Just after work and just before sunset, the “Literary Safari,” that took place at the Westbeth Center for the Arts’ romantically crumbling apartment complex just off the Hudson River in the West Village, combined two of New Yorkers’ most beloved pasttimes: attending exclusive cultural events and envying the well-appointed, divinely located apartments of our betters. The Safari promised a "unique experience," and so it was. For two hours, guests were invited to “wander the hallways” of Westbeth, attending readings by 20 international authors in the homes of Westbeth residents.
For those unfamiliar with the community, Westbeth (which is, to this day, managed by a non-profit orgnaization)—is located in a former Bell Laboratories complex which were converted, in the late 60s, into 383 studio apartments by architect Richard Meier. The community first opened to residents in 1971, promising affordable housing for low and middle income artists of all stripes. (Don’t get excited—Westbeth stopped even waitlisting prospective residents in 2009 “due to the length of time applicants now spend on the list.”) The complex is 13 stories tall, and all of the studios, whose eccentric and whimsical floor plans vary considerably, are centered around a large central atrium. The hallways themselves give the building a sort of art-school dorm feel: many of the doors are painted or decorated by the owners, and each one features a different color triangle, oriented in various directions and suggesting some sort of cryptic code or affiliation. Idiosyncrasies in the layout render it impossible (on certain floors) to walk from the western end of the building to the eastern end, making navigation in the twisting, labyrinthine hallways feel not unlike stepping through the looking-glass.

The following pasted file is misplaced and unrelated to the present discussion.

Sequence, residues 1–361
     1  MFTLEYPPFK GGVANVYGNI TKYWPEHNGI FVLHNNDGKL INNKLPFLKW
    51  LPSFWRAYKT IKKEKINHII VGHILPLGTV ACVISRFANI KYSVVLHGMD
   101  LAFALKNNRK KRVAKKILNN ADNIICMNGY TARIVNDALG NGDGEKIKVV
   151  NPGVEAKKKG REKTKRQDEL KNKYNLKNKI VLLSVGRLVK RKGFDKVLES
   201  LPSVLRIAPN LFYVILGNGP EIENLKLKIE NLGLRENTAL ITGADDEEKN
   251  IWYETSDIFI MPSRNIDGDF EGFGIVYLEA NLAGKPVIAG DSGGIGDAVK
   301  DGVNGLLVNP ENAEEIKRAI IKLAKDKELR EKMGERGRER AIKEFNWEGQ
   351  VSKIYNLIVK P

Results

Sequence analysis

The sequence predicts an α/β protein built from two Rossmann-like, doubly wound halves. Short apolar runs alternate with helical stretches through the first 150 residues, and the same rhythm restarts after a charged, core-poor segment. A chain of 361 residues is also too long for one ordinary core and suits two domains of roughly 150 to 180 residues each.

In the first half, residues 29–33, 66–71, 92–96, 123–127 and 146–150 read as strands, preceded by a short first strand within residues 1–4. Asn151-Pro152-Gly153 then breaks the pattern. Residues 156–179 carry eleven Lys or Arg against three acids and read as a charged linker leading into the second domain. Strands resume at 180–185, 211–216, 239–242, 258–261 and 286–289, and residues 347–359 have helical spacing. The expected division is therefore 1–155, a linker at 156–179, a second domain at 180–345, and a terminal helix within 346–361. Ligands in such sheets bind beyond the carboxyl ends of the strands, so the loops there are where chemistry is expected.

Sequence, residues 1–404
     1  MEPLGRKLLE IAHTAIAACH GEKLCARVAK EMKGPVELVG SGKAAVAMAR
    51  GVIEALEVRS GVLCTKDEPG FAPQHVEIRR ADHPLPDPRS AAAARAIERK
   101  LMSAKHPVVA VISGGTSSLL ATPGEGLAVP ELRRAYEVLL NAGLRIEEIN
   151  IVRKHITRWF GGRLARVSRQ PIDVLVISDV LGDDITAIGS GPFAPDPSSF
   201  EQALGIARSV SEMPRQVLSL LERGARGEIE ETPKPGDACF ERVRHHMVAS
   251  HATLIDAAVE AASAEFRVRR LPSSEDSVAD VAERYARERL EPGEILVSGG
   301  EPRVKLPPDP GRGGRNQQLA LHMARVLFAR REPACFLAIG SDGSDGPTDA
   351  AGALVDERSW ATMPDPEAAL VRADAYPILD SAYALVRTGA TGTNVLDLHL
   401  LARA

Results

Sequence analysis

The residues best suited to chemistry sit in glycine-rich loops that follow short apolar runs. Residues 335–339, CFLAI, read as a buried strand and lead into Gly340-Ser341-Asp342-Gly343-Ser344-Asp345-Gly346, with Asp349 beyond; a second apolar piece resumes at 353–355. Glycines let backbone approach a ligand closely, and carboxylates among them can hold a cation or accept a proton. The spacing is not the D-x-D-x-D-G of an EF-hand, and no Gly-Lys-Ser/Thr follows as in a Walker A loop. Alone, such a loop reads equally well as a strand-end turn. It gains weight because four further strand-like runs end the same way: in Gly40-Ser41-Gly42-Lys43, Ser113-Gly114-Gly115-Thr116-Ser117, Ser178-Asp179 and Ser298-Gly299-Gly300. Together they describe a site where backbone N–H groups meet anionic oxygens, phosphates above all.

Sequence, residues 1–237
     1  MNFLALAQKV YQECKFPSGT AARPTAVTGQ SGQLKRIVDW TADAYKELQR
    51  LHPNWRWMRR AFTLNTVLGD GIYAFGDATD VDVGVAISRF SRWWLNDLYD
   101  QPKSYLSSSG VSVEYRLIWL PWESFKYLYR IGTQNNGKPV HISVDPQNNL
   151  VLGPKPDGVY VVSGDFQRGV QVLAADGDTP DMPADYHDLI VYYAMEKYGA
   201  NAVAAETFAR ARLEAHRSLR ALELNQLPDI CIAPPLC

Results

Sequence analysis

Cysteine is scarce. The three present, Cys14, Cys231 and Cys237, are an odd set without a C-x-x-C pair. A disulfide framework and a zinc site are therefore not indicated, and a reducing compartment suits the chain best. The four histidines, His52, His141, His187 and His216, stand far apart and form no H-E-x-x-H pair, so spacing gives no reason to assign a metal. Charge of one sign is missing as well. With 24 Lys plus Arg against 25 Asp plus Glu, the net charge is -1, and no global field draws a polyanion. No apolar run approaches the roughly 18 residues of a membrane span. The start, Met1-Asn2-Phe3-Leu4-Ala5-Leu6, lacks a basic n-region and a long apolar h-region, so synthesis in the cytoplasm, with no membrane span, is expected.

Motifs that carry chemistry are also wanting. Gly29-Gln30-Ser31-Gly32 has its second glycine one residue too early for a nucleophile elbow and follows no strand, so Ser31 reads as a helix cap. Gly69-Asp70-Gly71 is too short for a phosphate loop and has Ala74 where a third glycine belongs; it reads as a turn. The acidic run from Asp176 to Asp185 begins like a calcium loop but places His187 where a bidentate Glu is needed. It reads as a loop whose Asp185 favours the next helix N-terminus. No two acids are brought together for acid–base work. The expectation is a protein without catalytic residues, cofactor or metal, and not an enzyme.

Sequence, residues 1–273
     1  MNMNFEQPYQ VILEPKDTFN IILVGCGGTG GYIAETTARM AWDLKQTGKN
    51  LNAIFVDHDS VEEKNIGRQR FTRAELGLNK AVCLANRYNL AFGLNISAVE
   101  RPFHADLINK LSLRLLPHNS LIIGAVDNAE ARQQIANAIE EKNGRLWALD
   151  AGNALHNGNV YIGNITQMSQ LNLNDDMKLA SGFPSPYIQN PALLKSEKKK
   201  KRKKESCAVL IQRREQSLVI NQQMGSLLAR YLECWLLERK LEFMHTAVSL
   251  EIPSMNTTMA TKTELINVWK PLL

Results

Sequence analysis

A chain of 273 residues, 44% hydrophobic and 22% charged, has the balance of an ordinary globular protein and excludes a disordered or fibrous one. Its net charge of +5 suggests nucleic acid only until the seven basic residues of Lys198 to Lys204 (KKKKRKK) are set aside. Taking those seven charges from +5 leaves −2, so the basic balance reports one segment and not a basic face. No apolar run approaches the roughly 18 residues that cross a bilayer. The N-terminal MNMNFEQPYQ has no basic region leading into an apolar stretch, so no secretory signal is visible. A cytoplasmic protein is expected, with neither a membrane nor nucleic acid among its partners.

The Safari was scheduled so that if everything ran precisely on time (which it didn’t) and you knew exactly where you were going (which we didn’t), one could attend four different readings and Q&As during the course of the night. Our first stop was in an elegant studio with breath-taking (and possibly a bit too distracting) views of the Hudson. Lynne Tillman, a novelist and short story writer who has been active in the downtown New York literary scene and has written extensively about—and in response to—the lives and work of contemporary artists (such as Andy Warhol and Kiki Smith), perched comfortably in an overstuffed armchair within a knee’s reach from her audience. She read a story from her newest collection, Some Day This Will Be Funny.